In this backdrop, the Court opined that – "A class of persons as such cannot be defamed as a class, nor could an individual be defamed by a general reference to a class to which he belongs. Going by explanation 2 to Section 499 of IPC, if a well-defined class is defamed, each and every member of that class can file a complaint. Where the words reflect on each and every member of a certain number or class, each and all can sue. But, this principle depends upon the determination of the number of persons of the class. If the collection of persons is an indeterminate and indefinite collection of body, it could not be said that each and every member of that body could maintain an action under Section 500, unless the complainant was referred to as a person who had been defamed under the imputation. When there is uncertainty as to whether the imputation would reflect either this man or that man, it could not be said that one particular man was meant in the imputation alleged."

The Court held that if a person complained that he had been defamed as a member of a class, he must satisfy the court that the imputation was against him personally, and that he was the person aimed at before he maintained a prosecution for defamation. According to the Court, it was a well-known principle that when an indefinite and indeterminate body of men were defamed, it would not be safe to single out one person to say that he was the person defamed.

The Court referred to the case of G.Narasimhan, G Kasturi and K. Gopalan v. T.V. Chokkappa wherein the Apex Court had held that in a case where Explanation 2 of Section 499 was resorted to, the identity of the company or the association or the collection of persons must be established so as to be relatable to the defamatory words or imputations. It was further held that If a well-defined class was defamed, every particular of that class could file a complaint even if the defamatory imputation in question did not mention him by name. Furthermore, the Court referred to the decision of the Allahabad High Court in Tek Chand Gupta v. R.K. Karanjia where it was held that Rashtriya Swayamsevak Sangh (RSS) was a definite and identifiable class or body.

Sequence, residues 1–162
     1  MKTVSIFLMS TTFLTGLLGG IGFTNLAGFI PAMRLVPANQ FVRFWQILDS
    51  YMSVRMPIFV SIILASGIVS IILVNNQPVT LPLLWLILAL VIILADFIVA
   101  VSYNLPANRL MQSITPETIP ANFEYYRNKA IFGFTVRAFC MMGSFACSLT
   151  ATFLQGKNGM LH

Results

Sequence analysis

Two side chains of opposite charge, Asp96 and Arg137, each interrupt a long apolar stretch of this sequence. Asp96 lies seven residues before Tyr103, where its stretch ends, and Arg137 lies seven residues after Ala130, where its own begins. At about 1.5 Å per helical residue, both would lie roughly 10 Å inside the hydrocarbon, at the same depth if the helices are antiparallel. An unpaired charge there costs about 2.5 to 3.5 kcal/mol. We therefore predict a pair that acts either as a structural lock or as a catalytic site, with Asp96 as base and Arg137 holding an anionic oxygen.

Hence, when an article was published in a newspaper containing imputations meant to harm the reputation of Rashtriya Swayamsevak Sangh (RSS), a complaint by an individual member of RSS was maintainable under Explanation 2 to Section 499 of IPC. It was not necessary that the imputations in the article individually affected the reputation of the complainant. The Kerala High Court, thus, rejected the contention of the petitioners that Respondent No. 1 had no locus standi to maintain a complaint under Section 500 of IPC.

Thus, the Kerala High Court directed the Trial Court to expedite the trial and to dispose of the case, in accordance with law, without any further delay, at any cost, within a period of six months from the date of receipt of a copy of this order. The application was accordingly dismissed.